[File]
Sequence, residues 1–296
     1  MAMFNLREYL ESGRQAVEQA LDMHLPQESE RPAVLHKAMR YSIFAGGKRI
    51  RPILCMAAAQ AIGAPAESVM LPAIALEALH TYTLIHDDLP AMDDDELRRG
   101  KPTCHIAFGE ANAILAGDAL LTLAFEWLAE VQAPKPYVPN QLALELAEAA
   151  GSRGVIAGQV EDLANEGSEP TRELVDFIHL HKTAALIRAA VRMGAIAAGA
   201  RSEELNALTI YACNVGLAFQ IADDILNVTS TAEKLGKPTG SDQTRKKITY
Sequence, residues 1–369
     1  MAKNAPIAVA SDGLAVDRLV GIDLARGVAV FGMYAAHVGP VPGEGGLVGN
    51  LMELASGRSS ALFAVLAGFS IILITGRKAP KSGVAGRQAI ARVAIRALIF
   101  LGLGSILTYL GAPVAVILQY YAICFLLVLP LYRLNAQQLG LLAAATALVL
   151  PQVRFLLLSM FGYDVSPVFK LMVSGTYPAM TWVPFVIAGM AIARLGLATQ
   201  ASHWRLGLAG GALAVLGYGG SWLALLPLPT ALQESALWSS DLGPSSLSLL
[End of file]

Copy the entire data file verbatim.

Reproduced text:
Sequence, residues 1–296
     1  MAMFNLREYL ESGRQAVEQA LDMHLPQESE RPAVLHKAMR YSIFAGGKRI
    51  RPILCMAAAQ AIGAPAESVM LPAIALEALH TYTLIHDDLP AMDDDELRRG
   101  KPTCHIAFGE ANAILAGDAL LTLAFEWLAE VQAPKPYVPN QLALELAEAA
   151  GSRGVIAGQV EDLANEGSEP TRELVDFIHL HKTAALIRAA VRMGAIAAGA
   201  RSEELNALTI YACNVGLAFQ IADDILNVTS TAEKLGKPTG SDQTRKKITY
Sequence, residues 1–369
     1  MAKNAPIAVA SDGLAVDRLV GIDLARGVAV FGMYAAHVGP VPGEGGLVGN
    51  LMELASGRSS ALFAVLAGFS IILITGRKAP KSGVAGRQAI ARVAIRALIF
   101  LGLGSILTYL GAPVAVILQY YAICFLLVLP LYRLNAQQLG LLAAATALVL
   151  PQVRFLLLSM FGYDVSPVFK LMVSGTYPAM TWVPFVIAGM AIARLGLATQ
   201  ASHWRLGLAG GALAVLGYGG SWLALLPLPT ALQESALWSS DLGPSSLSLL